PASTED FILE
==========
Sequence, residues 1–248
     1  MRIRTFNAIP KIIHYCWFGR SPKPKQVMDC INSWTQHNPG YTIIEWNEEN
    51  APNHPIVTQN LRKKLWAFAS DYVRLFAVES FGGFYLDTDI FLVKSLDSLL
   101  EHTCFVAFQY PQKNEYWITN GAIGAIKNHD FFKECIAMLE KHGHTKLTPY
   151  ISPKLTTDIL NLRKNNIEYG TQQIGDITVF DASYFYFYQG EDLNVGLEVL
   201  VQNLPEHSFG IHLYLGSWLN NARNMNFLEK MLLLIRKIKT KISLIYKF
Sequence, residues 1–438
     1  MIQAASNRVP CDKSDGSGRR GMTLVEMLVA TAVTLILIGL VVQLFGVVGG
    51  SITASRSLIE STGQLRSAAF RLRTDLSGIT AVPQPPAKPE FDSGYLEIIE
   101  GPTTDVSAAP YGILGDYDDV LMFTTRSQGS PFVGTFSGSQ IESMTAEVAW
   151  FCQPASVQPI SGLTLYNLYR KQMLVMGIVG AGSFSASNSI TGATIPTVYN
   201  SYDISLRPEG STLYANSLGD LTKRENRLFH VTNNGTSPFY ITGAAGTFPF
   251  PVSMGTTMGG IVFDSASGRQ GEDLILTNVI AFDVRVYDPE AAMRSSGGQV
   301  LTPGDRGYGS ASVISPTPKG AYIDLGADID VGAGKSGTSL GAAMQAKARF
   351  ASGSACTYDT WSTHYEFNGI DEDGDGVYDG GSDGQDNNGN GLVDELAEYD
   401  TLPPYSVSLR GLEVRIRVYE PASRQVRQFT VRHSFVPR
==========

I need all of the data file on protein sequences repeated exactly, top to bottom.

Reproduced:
Sequence, residues 1–248
     1  MRIRTFNAIP KIIHYCWFGR SPKPKQVMDC INSWTQHNPG YTIIEWNEEN
    51  APNHPIVTQN LRKKLWAFAS DYVRLFAVES FGGFYLDTDI FLVKSLDSLL
   101  EHTCFVAFQY PQKNEYWITN GAIGAIKNHD FFKECIAMLE KHGHTKLTPY
   151  ISPKLTTDIL NLRKNNIEYG TQQIGDITVF DASYFYFYQG EDLNVGLEVL
   201  VQNLPEHSFG IHLYLGSWLN NARNMNFLEK MLLLIRKIKT KISLIYKF
Sequence, residues 1–438
     1  MIQAASNRVP CDKSDGSGRR GMTLVEMLVA TAVTLILIGL VVQLFGVVGG
    51  SITASRSLIE STGQLRSAAF RLRTDLSGIT AVPQPPAKPE FDSGYLEIIE
   101  GPTTDVSAAP YGILGDYDDV LMFTTRSQGS PFVGTFSGSQ IESMTAEVAW
   151  FCQPASVQPI SGLTLYNLYR KQMLVMGIVG AGSFSASNSI TGATIPTVYN
   201  SYDISLRPEG STLYANSLGD LTKRENRLFH VTNNGTSPFY ITGAAGTFPF
   251  PVSMGTTMGG IVFDSASGRQ GEDLILTNVI AFDVRVYDPE AAMRSSGGQV
   301  LTPGDRGYGS ASVISPTPKG AYIDLGADID VGAGKSGTSL GAAMQAKARF
   351  ASGSACTYDT WSTHYEFNGI DEDGDGVYDG GSDGQDNNGN GLVDELAEYD
   401  TLPPYSVSLR GLEVRIRVYE PASRQVRQFT VRHSFVPR